When the college removal men turned up for my belongings they all wanted to see one thing: my inflatable alien. My son had won him for me at a fair, and not quite sure where best to house a lime green blow-up alien wearing a delightful football shirt, I placed him up against my windows, behind the curtains. There he had become something of a tourist attraction, the combination of his suave alien good looks and the bird-dropping encrusted head of Lady Margaret proving an unbeatable combination for photographers. Several times a day brilliant flares echoed around my white walls as the alien was snapped. When I looked out of my windows there was invariably a small child in its father’s arms, pointing. The alien was quite a fixture and I did feel guilty transporting him to the back of college, away from his tenuous fame. The removal men were insistent that I should outline his eyes in luminous paint and prop him up against the windows of my new abode, where he could freak drunken students out for a nighttime punt on the river. In fact, he didn’t survive the transition at all, having tragically suffered a puncture en route.
My new rooms weren’t alien friendly in any case. They were large and glamourous, with (finally!) over twenty metres of bookshelves, a separate bedroom, kitchen and bathroom and a lovely view over the Master’s garden. Located on the corner of a building, and plate glass from the waist up, it was rather like living in an especially nice greenhouse. My husband is particularly keen on them and regularly makes jokey noises of the you-could-always-take-me-up-on-this kind, suggesting we rent out our house and move in. The building is one of the ugliest in Cambrige, though, a concrete monstrosity from the sixties that won lots of architectural awards but leaked from the moment it started to house students. The reason I know this is that I get to listen to the commentary of the river tour guides, who pass below my windows every ten minutes or so in the summer months, infuriatingly repeating the same spiel. The river is in fact an incredibly noisy place to be; you wouldn’t believe the number of choirs who hire a punt, or the number of bossy teenage girls telling their dads what to do, or the number of people who scream and jump, or get pushed, overboard. In the winter, it’s blissfully quiet, if you discount the wind howling around the steel reinforced corners of the building.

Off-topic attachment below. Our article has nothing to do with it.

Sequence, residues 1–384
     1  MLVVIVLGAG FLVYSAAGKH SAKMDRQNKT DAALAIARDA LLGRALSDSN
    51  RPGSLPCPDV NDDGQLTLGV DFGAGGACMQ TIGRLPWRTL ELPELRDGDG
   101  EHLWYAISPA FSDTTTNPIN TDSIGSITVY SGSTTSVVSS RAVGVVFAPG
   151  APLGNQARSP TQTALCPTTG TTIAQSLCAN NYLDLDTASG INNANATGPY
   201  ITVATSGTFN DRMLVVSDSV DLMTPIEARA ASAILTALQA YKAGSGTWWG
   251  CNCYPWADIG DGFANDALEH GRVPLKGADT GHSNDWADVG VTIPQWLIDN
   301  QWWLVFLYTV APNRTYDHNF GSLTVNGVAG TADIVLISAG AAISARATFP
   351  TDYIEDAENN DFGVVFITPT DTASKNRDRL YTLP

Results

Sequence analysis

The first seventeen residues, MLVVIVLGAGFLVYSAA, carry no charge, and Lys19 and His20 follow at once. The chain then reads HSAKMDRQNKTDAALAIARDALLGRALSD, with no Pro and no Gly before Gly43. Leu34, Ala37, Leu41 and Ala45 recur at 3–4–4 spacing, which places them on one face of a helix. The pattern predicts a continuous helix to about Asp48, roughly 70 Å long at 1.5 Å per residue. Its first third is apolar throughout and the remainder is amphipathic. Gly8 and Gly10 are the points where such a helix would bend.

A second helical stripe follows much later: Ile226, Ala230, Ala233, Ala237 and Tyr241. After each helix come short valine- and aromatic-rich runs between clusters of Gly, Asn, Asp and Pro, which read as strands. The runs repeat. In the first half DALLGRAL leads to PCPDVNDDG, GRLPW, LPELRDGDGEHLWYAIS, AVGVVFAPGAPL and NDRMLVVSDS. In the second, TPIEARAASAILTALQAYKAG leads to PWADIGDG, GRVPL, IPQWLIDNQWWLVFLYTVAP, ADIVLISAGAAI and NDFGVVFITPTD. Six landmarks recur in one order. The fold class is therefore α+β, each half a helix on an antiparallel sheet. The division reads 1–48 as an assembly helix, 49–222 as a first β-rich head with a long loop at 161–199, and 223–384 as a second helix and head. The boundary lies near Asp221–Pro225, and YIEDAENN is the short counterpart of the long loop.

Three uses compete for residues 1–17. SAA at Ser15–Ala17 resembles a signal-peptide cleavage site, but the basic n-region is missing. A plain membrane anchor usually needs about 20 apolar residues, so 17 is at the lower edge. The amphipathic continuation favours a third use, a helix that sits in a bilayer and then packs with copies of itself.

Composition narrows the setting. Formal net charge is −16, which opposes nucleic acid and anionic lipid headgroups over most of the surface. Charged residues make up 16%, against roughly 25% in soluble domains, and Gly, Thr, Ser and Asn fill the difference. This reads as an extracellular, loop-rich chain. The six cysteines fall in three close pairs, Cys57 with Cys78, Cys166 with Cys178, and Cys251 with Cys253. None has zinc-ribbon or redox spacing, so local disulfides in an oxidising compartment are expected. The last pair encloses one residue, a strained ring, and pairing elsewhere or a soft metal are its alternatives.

And now it’s time for me to move on again. Typically enough, the biggest rooms I had coincided with a three-year break from work, and after a year of student support, it’s clear I don’t need such grand accommodation. Last week I saw my new room, located right at the front of college, overlooking the library and the chapel. ‘It’s got a lot of paneling,’ the accommodation officer told me, ‘but I think you’ll be pleasantly surprised’. It has indeed got a lot of paneling, but not the kind that I was expecting, not the kind that screams eighteenth century gentlemen’s club. Instead it’s like a mahogany cave in there, flat dark wood boarding on the floor, walls and ceiling, and two narrow cylindrical bulbs above a boarded up fireplace, giving it the look of a New York speakeasy in the Jazz Era. The staircase has been recently renovated so there are nice shared facilities nearby. I find I am ready for a change of scene; spaces are like states of mind to me and it’s good to have a life laundry every so often and chuck all those old files and fittings out. Things accumulate, I find, relentlessly, and now I want to feel sleek and unencumbered again. At present the room is completely empty, and I’m rather hoping I might get to visit college’s legendary furniture store, which sounds like a cross between the Salvation Army and Aladdin’s Cave, to seek out a desk and some sofas. Hopefully I can move in before the end of the month. I’ll do so with a little salute to Virginia Woolf. A room all of one’s own is a necessity and yet still a delightful treat.